” …The ideal motherhood norm tells mothers that they are supposed to be dedicating their entire lives to their children.” Yep, each role is its own full-time gig. Most of the time lately, women are working two jobs to enable the long wage hours the breadwinner needs to pay the bills. Any ideal of motherhood has the life squeezed from it between dings of the timeclock.

“‘It’s so in everyone’s face right now…'” We had better get out in front of this before it effects the Bottom Line! “…said Jasmine Tucker, director of research at the women’s advocacy group National Women’s Law Center. ‘If we want women to come back to the labor force, then we’re going to have to make it so that they can afford to do so.”’ Big business doesn’t care about your kids… Can’t you send them to your mother’s or something?

So, What Do You Do?

We’re given the task of ‘balancing’ these 2 competing roles. Focusing on the balancing act means we’re not really focused on what we’re doing. This nurtures cognitive dissonance, just creating more stress.

Life has so much more to offer! What about hobbies? Free time? Self-improvement? Anything??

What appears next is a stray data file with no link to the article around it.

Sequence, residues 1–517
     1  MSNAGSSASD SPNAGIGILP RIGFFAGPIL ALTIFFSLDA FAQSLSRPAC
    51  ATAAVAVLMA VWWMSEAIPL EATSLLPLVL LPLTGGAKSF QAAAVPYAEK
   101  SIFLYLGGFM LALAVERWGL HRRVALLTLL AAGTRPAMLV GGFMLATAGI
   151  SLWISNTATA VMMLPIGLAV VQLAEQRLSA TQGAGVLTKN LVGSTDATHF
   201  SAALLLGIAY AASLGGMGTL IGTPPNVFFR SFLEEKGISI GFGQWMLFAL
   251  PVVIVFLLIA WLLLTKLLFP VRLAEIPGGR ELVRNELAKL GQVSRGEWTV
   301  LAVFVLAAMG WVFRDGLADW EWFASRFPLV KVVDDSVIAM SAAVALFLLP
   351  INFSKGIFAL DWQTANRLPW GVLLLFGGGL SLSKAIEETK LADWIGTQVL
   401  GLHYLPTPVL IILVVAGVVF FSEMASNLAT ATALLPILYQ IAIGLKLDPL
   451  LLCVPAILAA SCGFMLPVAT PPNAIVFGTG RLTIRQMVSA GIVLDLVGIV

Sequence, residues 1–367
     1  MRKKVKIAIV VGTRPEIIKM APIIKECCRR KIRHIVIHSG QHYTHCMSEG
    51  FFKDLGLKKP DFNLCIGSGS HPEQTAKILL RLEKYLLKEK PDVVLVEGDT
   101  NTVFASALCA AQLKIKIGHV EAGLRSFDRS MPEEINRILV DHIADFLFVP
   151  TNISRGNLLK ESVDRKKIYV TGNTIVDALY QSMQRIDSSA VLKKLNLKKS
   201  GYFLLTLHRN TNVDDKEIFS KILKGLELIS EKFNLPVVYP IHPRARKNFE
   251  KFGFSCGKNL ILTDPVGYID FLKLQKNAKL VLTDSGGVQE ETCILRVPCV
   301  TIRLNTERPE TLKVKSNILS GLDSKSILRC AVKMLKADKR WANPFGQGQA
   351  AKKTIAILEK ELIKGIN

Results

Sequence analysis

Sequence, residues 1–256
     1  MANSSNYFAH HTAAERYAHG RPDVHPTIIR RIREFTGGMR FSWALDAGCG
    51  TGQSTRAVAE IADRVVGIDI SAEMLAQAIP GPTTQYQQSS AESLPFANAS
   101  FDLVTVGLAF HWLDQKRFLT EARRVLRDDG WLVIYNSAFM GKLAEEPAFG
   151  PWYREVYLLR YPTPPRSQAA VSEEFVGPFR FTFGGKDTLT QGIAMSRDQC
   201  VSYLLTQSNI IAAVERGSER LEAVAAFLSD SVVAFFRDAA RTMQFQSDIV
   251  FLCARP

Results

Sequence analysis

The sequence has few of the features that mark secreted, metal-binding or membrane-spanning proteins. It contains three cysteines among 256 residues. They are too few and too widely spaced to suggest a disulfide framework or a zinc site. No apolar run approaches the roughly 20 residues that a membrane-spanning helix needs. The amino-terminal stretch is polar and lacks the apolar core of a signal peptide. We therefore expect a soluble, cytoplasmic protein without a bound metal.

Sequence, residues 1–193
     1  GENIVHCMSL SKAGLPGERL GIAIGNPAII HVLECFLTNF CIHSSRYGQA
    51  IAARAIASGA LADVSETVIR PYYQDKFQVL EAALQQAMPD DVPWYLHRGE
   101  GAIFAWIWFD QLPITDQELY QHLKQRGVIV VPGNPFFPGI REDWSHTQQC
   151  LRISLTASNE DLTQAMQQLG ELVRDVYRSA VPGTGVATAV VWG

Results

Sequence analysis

Sure! These days, you can monetize whatever you want faster than you can say, ‘Side Hustle.’


I knew I should have taken that marketing class!

“Her mother’s generation had it different, Danowski says.” No, really? Do tell! “‘While she limited her work to fit only within the hours her kids didn’t need her, I am constantly working and even looking for more time to give to my career.”’

That’s because her job was for extra money. Yours is your ‘career,’ that you’ve been convinced you needed. And – Ta-da! – Now you do!

But, what if – Bear with me, this might sound a little crazy – What if we made it easier for women to be mothers instead of focusing on getting mothers into the workforce?

The Working Woman was created as an alternative to Woman Classic, but it was a choice – Career Gals were often single and almost always childless. There was always a whiff of slumming in agonizing over a choice poor women never had.

But all of us are working women now.